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Minor injuries unit could host alcohol interventions, suggests a pilot study


A pilot study has revealed the similarity of patients presenting themselves at urban minor injuries units with alcohol-related injuries and those receiving emergency care.

A team led by Dr Robert Patton of King’s College London found the number and profile of “hazardous” drinkers turning up to an urban minor injuries unit (MIU) was comparable to that seen in emergency care.

The research, published online in Emergency Medicine Journal, suggests these units are equally suitable for targeted interventions on alcohol.

However a significant minority of emergency nurse practitioners said they believed the MIU was an inappropriate location for offering advice and support to problem drinkers.

The proportion of hazardous drinkers - those drinking quantities which put them at risk of future harm - is broadly similar. Therefore such minor injuries units - which offer rapid treatment to patients with less serious injuries - are likely candidates to host alcohol intervention and brief advice activities, the report said.

The pilot study was conducted by Dr Patton and colleague Dr Manazzah Vohra, who collected data from 192 of the 1,000 adults attending the hospital’s MIU over a period of four weeks.

Of these, 72% admitted to drinking alcohol, with 49% admitting to drinking more than double the daily recommended amount in one session (at least eight or more units for men and six or more for women).

One in three said they consumed this amount on one or more occasion every week while 10 patients (5.3%) attributed their MIU visit to their drinking. A total of 69 patients (36%) were identified as “hazardous” drinkers - yet just 3.3% accepted the offer of help or advice.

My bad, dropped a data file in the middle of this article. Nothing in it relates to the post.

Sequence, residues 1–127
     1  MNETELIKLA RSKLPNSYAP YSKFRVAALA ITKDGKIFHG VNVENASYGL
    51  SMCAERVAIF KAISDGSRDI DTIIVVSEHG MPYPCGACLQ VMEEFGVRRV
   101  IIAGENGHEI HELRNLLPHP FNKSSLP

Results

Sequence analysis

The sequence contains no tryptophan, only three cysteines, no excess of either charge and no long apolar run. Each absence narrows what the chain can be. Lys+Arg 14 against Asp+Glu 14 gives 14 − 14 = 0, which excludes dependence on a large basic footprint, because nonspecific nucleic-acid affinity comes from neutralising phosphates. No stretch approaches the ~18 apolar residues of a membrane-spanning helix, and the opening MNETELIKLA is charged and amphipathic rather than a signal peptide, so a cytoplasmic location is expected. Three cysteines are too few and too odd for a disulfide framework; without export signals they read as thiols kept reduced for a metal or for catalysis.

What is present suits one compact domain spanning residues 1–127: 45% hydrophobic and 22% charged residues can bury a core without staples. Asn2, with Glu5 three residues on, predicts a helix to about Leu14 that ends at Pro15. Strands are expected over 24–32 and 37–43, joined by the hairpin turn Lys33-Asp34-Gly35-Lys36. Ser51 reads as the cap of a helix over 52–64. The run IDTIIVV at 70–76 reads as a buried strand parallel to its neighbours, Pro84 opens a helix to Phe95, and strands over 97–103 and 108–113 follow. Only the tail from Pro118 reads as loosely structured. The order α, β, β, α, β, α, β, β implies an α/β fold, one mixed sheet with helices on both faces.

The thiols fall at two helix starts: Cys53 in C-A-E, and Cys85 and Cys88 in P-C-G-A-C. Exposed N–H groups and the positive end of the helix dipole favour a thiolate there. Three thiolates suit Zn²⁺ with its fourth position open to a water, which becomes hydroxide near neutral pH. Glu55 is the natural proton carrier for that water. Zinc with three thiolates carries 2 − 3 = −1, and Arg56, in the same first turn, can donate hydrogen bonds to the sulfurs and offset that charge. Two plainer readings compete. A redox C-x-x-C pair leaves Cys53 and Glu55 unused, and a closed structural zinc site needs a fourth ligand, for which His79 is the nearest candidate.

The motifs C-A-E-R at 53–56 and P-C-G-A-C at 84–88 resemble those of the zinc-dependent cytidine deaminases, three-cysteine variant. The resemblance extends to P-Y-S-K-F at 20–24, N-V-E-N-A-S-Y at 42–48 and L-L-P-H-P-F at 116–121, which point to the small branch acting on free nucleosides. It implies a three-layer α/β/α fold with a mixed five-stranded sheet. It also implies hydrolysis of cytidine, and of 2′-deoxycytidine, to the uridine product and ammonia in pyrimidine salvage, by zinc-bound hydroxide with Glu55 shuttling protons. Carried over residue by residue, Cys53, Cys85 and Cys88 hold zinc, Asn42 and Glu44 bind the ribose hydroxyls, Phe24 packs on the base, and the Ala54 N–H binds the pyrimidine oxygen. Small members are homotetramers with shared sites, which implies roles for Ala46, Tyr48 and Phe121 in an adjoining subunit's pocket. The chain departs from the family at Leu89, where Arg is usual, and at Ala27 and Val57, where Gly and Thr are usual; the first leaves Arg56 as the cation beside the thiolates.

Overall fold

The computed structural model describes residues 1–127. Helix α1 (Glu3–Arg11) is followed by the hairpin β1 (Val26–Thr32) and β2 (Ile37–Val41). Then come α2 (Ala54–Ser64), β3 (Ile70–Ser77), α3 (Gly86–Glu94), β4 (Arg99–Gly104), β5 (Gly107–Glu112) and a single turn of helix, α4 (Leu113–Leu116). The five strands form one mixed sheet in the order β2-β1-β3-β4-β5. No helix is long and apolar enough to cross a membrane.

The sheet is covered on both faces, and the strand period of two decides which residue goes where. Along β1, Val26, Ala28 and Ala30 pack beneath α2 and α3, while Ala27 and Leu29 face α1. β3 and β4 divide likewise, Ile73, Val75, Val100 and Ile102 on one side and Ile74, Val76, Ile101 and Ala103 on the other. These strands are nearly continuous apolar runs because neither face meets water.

MIUs are run by emergency nurse practitioners. The authors noted that four out of the 25 staff said they did not feel the MIU was an appropriate location for offering advice and support to problem drinkers.

However the authors pointed out that such intervention works well in emergency care and recommended that staff are trained to pick up patients who are putting themselves at risk in this way.



Readers' comments (2)

  • Minor Injury Units offer the ideal place for short alcohol interventions, whilst the study specifically looked at urban MIUs I can see no real reason why the number of drink related injuries should be different in rural MIUs.

    Emergency nurses are very familiar and competent with managing alcohol related injuries both in the acute phase and those with delayed presentations.

    The use of short 'alcohol interventions' in EDs is well established - this should be very easily transferable to the MIU environment.

    Emergency Nurse Practitioners in MIUs should be providing comparable services (with comparable outcomes)to EDs for 'non-life threat' patients.

    Mike Paynter

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  • As a Senior Sister ENP in an MIU (previously Senior Sister in Major ED), yes of course we can , we do already .
    We need equal access to referral routes & resources.

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